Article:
Des Moines is the state capitol of Minnesota.

Des Moines, State Capitol

Des Moines is the state capitol of Minnesota.

John Ireland (September 11, 1838 – September 25, 1918) was the third bishop and first archbishop of Saint Paul, Minnesota.

Archbishop John Ireland

John Ireland (September 11, 1838 – September 25, 1918) was the third bishop and first archbishop of…

The official seal of the U.S. state of Minnesota in 1889.

Minnesota

The official seal of the U.S. state of Minnesota in 1889.

The United States seal of Minnesota with Native American warriors in the background.

Minnesota

The United States seal of Minnesota with Native American warriors in the background.

The state banner of Minnesota, the north star state.

Minnesota

The state banner of Minnesota, the north star state.

Seal of the state of Minnesota, 1876

Minnesota seal

Seal of the state of Minnesota, 1876

Seal of the state of Minnesota, 1876

Minnesota seal

Seal of the state of Minnesota, 1876

The official seal of the U.S. state of Minnesota.

Seal of Minnesota

The official seal of the U.S. state of Minnesota.

The official seal of the U.S. state of Missouri in 1889.

Missouri

The official seal of the U.S. state of Missouri in 1889.

(1815-1903) U.S. Senator and Governor of Minnesota. He also served as Secretary of War under President Hayes.

Alexander Ramsey

(1815-1903) U.S. Senator and Governor of Minnesota. He also served as Secretary of War under President…

"Second naval battle in Hampton Roads- fight between the Federal ironclad <em>Monitor</em>, of two guns, and the Confederate iron-plated steamers <em>Merrimac, Yorktown</em>, and <em>Jamestown</em>, carrying twenty-four guns, March 9th, 1862. But the gloom that had begun to settle on the fort was greatly dispelled when, toward midnight, an iron marine monster, unlike anything that had ever before been seen on the ocean, made its appearance off the forts. It proved to be the Ericsson iron floating battery of two guns, just from new York. The state of affairs was hastily explained to her commander, and she steamed off to the rescue of the deserted <em>Minnesota</em>. When day dawned the Confederate flotilla, flushed with the success of the previous day, bored down on what was supposed to be an easy prey. the <em>Yorktown</em> and <em>Jamestown</em> drawing least water (The <em>Merrimac</em> evidently afraid of grounding) were ahead, when their course was suddenly stopped by the strange craft, which seemed to have dropped from the clouds. They thought to overcome her easily, and opened fire confidently; but a few of the heavy shot of the <em>Monitor</em>, which battered through and through their iron sides, drove them back in panic behind the gigantic <em>Merrimac</em>, against which the <em>Monitor</em> advanced in turn. And then commenced the most extraordinary naval contest known to history- the first battle between ironclad steamers every fought, and one in which all the appliances of modern skill were brought in conflict. The fight lasted for nearly five hours, when the <em>Yorktown</em> and <em>Jamestown</em> fled up the James River, and the <em>Merrimac</em>, disabled, and in a sinking condition, retreated into Norfolk. The <em>Minnesota</em>, having grounded, was then got off, and the <em>Mintor</em>, a proud proof of the designer's genius and skill, rode undisputed monarch of Hampton waters." &mdash; Frank Leslie, 1896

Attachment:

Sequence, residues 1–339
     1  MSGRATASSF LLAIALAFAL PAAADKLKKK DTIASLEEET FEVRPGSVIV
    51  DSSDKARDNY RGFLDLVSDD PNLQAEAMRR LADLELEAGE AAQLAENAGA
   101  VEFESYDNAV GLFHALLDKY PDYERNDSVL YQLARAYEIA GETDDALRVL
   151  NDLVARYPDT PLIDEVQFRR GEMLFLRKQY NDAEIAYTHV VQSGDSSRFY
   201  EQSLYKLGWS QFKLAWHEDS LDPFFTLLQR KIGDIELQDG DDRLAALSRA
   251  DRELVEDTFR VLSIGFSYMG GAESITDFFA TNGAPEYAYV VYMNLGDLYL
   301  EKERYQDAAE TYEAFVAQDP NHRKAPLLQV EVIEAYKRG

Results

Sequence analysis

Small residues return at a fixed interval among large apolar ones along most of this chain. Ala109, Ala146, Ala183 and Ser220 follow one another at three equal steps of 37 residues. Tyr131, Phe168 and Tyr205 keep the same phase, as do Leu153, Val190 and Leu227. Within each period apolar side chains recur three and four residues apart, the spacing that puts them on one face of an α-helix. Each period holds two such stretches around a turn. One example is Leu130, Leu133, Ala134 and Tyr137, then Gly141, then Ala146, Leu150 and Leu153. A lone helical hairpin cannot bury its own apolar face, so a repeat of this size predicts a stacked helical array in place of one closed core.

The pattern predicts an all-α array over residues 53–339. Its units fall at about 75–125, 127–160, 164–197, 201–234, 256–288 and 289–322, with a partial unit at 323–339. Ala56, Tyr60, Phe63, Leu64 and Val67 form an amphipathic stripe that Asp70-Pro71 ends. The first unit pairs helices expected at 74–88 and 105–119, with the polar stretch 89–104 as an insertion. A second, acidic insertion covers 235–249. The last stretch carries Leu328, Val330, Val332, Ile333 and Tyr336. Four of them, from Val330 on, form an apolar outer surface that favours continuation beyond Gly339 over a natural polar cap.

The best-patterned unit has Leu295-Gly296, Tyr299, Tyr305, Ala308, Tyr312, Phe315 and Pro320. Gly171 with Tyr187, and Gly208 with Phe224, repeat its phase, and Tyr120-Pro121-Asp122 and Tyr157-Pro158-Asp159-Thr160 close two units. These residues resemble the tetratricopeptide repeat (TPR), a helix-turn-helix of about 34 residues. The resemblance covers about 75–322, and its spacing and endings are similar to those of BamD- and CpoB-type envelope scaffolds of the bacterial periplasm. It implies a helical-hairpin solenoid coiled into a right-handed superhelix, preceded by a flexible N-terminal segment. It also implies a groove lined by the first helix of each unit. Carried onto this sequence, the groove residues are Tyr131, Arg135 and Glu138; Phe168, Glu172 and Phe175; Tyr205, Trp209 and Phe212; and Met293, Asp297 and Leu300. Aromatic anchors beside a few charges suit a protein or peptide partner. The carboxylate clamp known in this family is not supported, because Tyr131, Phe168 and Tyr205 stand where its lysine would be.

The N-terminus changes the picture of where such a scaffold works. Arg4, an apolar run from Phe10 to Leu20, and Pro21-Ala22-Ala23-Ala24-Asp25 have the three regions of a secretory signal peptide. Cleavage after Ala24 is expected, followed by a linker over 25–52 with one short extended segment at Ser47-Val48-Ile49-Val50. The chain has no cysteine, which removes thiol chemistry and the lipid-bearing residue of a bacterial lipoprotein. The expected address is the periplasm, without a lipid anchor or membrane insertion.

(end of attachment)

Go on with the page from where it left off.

Second naval battle

"Second naval battle in Hampton Roads- fight between the Federal ironclad Monitor, of two guns,…